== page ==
The original title translates as "Aegis of a Nation in Demise". The majority of the Japanese feel that something is wrong about their nation, but don't know the answer or are simply not interested. Like the other two films based on Fukui's novels, "Aegis" treats the same kind of theme, namely What is war? What is nation? What does it mean to kill your enemy? Can you really kill another human being because he happened to be your enemy? These questions are utterly irrelevant to the people of the majority of the nations of the world which are fighting for survival or national interest. Some of you might remember U.S. President Bush's slip of tongue when he said the war against Saddam Hussein was a "crusade". This means that Japan joined the Iraqi war when it was not even a Christian country. No one here even noticed this issue. The fundamental question and theme of "Aegis" is that Japan has full- fledged land, naval and air forces, but its people don't know what these are for, what it means to fight, what it means to defend their nation, or even what a "nation" is. This is the meaning of the title "Nation in Demise", implies Fukui.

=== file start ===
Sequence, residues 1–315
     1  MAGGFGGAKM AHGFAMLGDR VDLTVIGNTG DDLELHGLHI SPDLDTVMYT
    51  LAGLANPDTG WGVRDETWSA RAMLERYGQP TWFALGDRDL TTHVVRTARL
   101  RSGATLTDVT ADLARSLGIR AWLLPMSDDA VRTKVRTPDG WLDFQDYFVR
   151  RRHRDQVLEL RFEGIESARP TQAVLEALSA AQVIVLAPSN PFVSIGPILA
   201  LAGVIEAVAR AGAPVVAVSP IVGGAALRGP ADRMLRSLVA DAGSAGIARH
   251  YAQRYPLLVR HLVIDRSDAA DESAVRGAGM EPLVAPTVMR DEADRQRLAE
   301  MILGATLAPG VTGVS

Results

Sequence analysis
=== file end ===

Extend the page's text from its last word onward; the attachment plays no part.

"Aegis" probably takes lines right from the novel. For this reason, statements are often interesting. "Peace is a kind of void between wars". Or, "Japanese didn't earn peace; they were just given it" (by the United States) says the terrorist leader played by Kiichi Nakai who usually appears in films and dramas as a typical Japanese soldier (interesting casting). But the film was disappointing, because it seemed like it just took the main plot and words from the novel and did nothing else than to let the SDF advertise its state-of-the-art Aegis vessel. And, partly for the mentioned omission of the scene of another SDF vessel being Harpoon-sunk by Isokaze, the entire film lacks the tension that the novel probably had, and also lacks the detailed character development that the novel probably spent a lot of pages for. We are just presented with this cold-hearted terrorist leader. But there is a girl who seems like his relative. We are supplied nothing about the relationship between these people, or the real feelings of this terrorist leader. The only watchable plot evolves around Sengoku, who is a junior officer of this SDF vessel, fighting the terrorists to "protect my men and vessel".